4.5 / 5 Stars
How exciting! For years, soundtrack fans have been clamoring for a CD release of Randy Newman's Academy Award nominated score to Ragtime. Finally, after all those years, that release has come. Milos Forman's 1981 film version of E.L. Doctorow's acclaimed novel received eight Oscar nominations, but failed to win a single trophy. Newman himself lost out to Chariots of Fire and Arthur (he also got a song nomination). And thus began the long streak of nominations that would never pay off, until this past year's win for Best Song. But nonetheless, his score has finally arrived on CD. Was it really worth the wait?
Starting with the "Main Title", a solo violin and piano start to play out a plaintive tune, and then are joined in by strings and accordion. It's simple yet so purely evocative of the turn of the 20th Century - and it's a distinctively "Randy Newman" theme, when you think about it compared to his repertoire. "Newsreel" consists of solo piano playing a secondary theme, almost hesitantly at first, then with confidence. The cues range from soft drama ("Coalhouse and Sarah", "Denouement") to upbeat and festive ("Lower East Side", "Delmonico Polka", "Atlantic City"). Also included are some cues of a jovial nature: "Waltz for Evelyn", "Clef Club No. 1", and "Clef Club No. 2".
But not to be forgotten, as this is a Randy Newman soundtrack, are the songs: "Change Your Way", and the Oscar-nominated "One More Hour" (which uses the main theme from the film). The period song "If I Could Love A Million Girls" is also included on the album, but Newman didn't write it. All of these are enjoyable, and add to the enjoyment of the album. After the final statement of the main theme, "Ragtime", we're treated to a bonus piano demo of Newman's theme. It's the only new track on the album, and while I would have liked to have more music released on the album, the 37-minute CD is still an enjoyable listen.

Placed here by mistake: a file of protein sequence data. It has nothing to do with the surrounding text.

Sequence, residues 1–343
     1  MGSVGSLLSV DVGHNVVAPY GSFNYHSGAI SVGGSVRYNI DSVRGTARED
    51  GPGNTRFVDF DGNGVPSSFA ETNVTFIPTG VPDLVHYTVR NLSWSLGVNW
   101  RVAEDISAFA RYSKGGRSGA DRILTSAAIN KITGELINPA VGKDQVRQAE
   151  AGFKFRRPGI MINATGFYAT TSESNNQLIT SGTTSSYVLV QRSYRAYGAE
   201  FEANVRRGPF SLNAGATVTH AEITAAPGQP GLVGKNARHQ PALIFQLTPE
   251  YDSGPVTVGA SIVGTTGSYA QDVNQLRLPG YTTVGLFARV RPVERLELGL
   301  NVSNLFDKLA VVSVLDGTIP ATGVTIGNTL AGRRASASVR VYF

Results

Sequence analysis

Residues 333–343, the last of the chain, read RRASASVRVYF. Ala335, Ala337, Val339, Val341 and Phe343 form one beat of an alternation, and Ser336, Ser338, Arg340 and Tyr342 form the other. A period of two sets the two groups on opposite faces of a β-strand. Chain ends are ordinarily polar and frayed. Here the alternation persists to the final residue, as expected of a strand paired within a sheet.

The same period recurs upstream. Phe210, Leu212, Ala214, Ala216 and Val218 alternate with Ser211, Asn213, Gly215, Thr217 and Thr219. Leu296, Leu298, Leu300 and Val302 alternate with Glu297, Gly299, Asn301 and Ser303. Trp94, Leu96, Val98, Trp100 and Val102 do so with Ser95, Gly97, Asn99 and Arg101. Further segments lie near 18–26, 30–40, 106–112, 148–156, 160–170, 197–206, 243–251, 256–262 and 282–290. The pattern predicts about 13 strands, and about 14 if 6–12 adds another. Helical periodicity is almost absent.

The liner notes are rather detailed and informative - the history of the film and score is pretty much laid out for you to read. But the highlight has to be the new forward by Randy Newman himself. His charm and humor is so pervasive that I couldn't help but laugh when reading it. Ragtime deserves a place on everyone's CD rack, and I can only hope that Newman revisits his older scores, as he did with this one, in the future.
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